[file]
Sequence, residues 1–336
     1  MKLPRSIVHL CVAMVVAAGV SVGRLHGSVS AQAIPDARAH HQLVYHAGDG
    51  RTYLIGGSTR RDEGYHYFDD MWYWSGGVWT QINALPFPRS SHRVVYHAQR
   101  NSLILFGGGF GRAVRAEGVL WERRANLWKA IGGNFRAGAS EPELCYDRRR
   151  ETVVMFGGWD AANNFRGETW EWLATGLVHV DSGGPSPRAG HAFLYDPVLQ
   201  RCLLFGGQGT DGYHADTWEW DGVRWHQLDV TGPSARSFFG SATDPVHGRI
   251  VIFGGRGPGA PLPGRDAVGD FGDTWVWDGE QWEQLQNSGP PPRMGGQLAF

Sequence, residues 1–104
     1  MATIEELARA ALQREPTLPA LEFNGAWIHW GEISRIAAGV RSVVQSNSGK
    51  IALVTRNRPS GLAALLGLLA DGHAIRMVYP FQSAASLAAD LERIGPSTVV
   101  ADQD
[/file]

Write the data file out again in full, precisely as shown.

Sequence, residues 1–336
     1  MKLPRSIVHL CVAMVVAAGV SVGRLHGSVS AQAIPDARAH HQLVYHAGDG
    51  RTYLIGGSTR RDEGYHYFDD MWYWSGGVWT QINALPFPRS SHRVVYHAQR
   101  NSLILFGGGF GRAVRAEGVL WERRANLWKA IGGNFRAGAS EPELCYDRRR
   151  ETVVMFGGWD AANNFRGETW EWLATGLVHV DSGGPSPRAG HAFLYDPVLQ
   201  RCLLFGGQGT DGYHADTWEW DGVRWHQLDV TGPSARSFFG SATDPVHGRI
   251  VIFGGRGPGA PLPGRDAVGD FGDTWVWDGE QWEQLQNSGP PPRMGGQLAF

Sequence, residues 1–104
     1  MATIEELARA ALQREPTLPA LEFNGAWIHW GEISRIAAGV RSVVQSNSGK
    51  IALVTRNRPS GLAALLGLLA DGHAIRMVYP FQSAASLAAD LERIGPSTVV
   101  ADQD